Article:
What is unfamiliar was how he has kept on winning, anyway. He still outlasted Nadal in the final, and Murray in the semifinal. He still hasn’t lost at Indian Wells. I am coming to suspect that the entrenched notion that Djokovic always had the game, but just needed the belief is flawed, and lazy. The fact that it immediately shifts the discussion into the rarefied, not to say ineffable, discourse of belief should have been the first clue that there might be something awry with it. The particularities of tennis – technique, reaction-time, movement, tactics – are too quickly glossed over in favour of airy theories which cannot proved or refuted, and invariably rely upon the player’s own say-so. But maybe we’re all making it too complicated. Perhaps Djokovic is just better at playing tennis than he used to be. Perhaps he’s just become that much better at it than the other guys.

At the level at which the top players operate, it can be hard to tell, since the improvements usually come in such vanishingly small increments. So much of the Serb’s genius is in his balance, in his ability to maintain a stable foundation for his strokes even at the uttermost stretch. He’s always looked pretty spry to me, yet I’d say he is moving better than ever. His forehand is undoubtedly better. Ironically, it is one of the more underrated shots in the sport, except when it finds the line on match point down in the US Open semifinal, when we apparently cannot hear enough about it. But this moment is worth examination, since it was so widely lauded as an example of Djokovic’s now-impenetrable champion’s mentality. However, I remain convinced that the shot was launched with a mordant gallows-recklessness, which is the place Djokovic used to occupy in such situations. In that moment, he was the old, wry, bitter Djokovic, but his forehand was now just a tiny bit better, and so it found the line where once it would have missed. I cannot say whether any of this is true, but it’s worth considering. Also worth considering is the extent to which confidence stems from technical mastery, and not the other way around.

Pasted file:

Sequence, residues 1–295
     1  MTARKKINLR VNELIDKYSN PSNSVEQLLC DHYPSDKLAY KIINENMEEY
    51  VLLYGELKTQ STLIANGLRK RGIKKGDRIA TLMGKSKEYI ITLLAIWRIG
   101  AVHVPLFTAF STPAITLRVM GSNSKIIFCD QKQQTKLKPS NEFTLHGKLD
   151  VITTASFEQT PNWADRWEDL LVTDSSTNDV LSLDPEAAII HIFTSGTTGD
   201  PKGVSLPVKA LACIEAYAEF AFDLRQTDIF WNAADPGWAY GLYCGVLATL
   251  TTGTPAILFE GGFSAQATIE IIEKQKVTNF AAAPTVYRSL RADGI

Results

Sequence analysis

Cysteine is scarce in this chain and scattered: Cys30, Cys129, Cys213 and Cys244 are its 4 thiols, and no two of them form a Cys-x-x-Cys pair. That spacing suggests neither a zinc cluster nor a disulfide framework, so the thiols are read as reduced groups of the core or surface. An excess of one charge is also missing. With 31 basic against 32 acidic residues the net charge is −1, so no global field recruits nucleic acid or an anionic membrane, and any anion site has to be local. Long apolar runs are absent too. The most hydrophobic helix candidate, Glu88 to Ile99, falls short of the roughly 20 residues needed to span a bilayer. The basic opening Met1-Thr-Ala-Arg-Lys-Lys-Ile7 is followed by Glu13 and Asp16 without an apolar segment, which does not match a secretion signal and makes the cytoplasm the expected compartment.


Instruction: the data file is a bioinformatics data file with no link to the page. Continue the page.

Today, faced with Almagro, Djokovic didn’t particularly look like last year’s inexorable victory-machine. He just looked a better player than his opponent: faster, steadier, and more technically sound. I know it’s boring to say so, but that’s mostly what tennis matches come down to. The guy who is better at it wins. This brings us back to the question of how good Djokovic actually is. If compelled to guess, I’d say that Djokovic was today operating at considerably more than 60% of his maximum intensity, although how much more I can’t say. He certainly would have beaten Troicki.